American Sec. Mortg. v. Mercedes Benz of North America, Inc.,1998 WL 70609, No. 97-C-4799 (N.D. Ill. Feb. 11, 1998) Illinois Car lessee and finance company brought action against car manufacturer for breach of express and implied warranties of merchantability under Magnuson-Moss Warranty Act. A jury trial was held and jury awarded plaintiffs damages in the amount of $14,700 for breach of implied warranty and plaintiffs sought attorneys’ fees and costs pursuant to the Act. The trial court granted the petition in the amount of $12,170 in fees and $150 in costs.
Azimi v. Ford Motor Company,977 F.Supp. 847 (N.D. Ill. Aug. 15, 1996) Illinois Car buyer brought action against manufacturer asserting claims of common law fraud and violation of the Magnuson-Moss Warranty Act and Illinois Consumer Fraud Act. Manufacturer moved to dismiss. Trial court denied the motion holding that allegations were sufficient to allege that dealership was agent of manufacturer, and to state common law and statutory fraud claims; fraud was alleged with sufficient particularity; and court could not say to a legal certainty that buyer’s aggregate recovery would not exceed amount in controversy requirement for exercise of diversity jurisdiction.
Barker v. Trans Union, LLC,2004 WL 783357, No. 03-C-3837 (N.D. Ill., Jan. 23, 2004) Illinois Consumer brought action against credit bureau and credit card company alleging violations of the Fair Credit Reporting Act. Credit card company moved to stay the claim against it based on an arbitration provision that was purportedly part of the agreement for the credit card account. Credit card company also moved to dismiss the common law defamation claim. The trial court denied credit card company’s motion to stay proceedings or dismiss holding that an issue of whether consumer was actually a cardholder for her ex-husband’s account.
Bassett v. I.C. System, Inc.,715 F.Supp.2d 803 (N.D. Ill., June 1, 2010) Illinois Consumer brought action against debt collector alleging violations of the Fair Debt Collection Practices Act and debt collector moved for summary judgment. The trial court denied the motion as to consumer’s §1692d(5) claim and denied debt collector’s bona fide error defense holding that because debt collector called consumer thirty-one times over a twelve day period, consumer presented sufficient evidence raising a genuine issue of material fact.
Baxter v. Kawasaki Motors Corp., U.S.A., 259 F.R.D. 336 (N.D. Ill. Sept. 1, 2009) Illinois Purchaser of a motorcycle brought an action under the Odometer Act against companies which allegedly designed, manufactured, and/or distributed the motorcycle for overstating the mileage. Purchaser filed a motion for class certification and companies field motion to srike. The trial court denied companies’ motion to strike and granted purchaser’s motion for class certification.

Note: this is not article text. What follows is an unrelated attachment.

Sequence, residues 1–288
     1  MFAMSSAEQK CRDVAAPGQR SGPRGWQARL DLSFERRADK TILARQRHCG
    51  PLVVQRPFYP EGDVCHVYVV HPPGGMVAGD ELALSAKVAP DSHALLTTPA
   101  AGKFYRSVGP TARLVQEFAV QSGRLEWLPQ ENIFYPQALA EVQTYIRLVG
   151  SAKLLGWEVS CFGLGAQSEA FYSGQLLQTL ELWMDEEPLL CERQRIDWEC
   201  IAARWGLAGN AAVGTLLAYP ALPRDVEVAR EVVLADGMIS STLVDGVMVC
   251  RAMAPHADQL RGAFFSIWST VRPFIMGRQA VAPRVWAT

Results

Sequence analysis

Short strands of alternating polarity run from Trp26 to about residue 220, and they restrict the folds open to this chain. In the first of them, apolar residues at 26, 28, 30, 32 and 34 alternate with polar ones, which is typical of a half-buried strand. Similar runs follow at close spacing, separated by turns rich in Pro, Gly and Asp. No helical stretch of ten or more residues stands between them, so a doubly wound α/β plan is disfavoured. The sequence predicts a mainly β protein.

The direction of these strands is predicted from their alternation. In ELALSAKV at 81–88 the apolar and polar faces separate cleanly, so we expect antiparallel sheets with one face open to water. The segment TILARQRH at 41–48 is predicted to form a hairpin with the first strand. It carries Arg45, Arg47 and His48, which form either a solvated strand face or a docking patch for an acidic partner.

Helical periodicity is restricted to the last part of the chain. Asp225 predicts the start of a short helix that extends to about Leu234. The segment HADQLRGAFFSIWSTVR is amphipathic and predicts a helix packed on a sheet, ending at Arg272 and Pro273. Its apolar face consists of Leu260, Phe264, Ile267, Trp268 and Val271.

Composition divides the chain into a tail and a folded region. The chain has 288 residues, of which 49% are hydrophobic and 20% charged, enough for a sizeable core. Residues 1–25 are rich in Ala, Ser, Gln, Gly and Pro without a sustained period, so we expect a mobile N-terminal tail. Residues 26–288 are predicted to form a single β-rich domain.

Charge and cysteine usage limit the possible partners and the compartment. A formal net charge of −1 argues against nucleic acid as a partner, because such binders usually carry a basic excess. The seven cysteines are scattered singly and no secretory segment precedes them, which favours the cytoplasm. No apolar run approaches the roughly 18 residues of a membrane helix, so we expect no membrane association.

Baxter v. Kawasaki Motors Corp., U.S.A., 2010 WL 335103, No. 07-C-6745 (N.D. Ill., Jan. 27, 2010) Illinois Purchaser of a motorcycle brought an action under the Odometer Act against companies which allegedly designed, manufactured, and/or distributed the motorcycle for overstating the mileage. A Rule 23(b)(3) class was certified consisting of: “All persons and entities who/which purchased or leased a new Kawasaki Vulcan Nomad 1600 or Vulcan Classic 1600 motorcycle, model years 2005 through 2009, anywhere in the United States on or after November 30, 2005 and no later than December 31, 2008. Excluded from the Class are defendants, and their parents, predecessors, successors, subsidiaries, and affiliates.” After considering both sides' proposals, a form of notice to the class was approved. Defendants moved to delay the sending of the notice until after discovery is completed and a ruling is made on any motion for summary judgment that defendants may bring. The trial court denied the motion holding that companies did not make a substantial showing of prejudice to overcome the presumed procedure of prompt notice.
Brown v. Trans Union, LLC, et al.,2005 WL 442204, No. 03-C-5774 (N.D. Ill. Feb. 23, 2005) Illinois Consumer brought action against multiple parties claiming violations of the Fair Credit Reporting Act by failing to conduct reasonable investigation of consumer’s dispute. Debt collection company moved for summary judgment. The trial court denied the motion holding that genuine issue of material fact existed as to whether debt collector, if it received the consumer debt verification form, actually completed a reasonable investigation.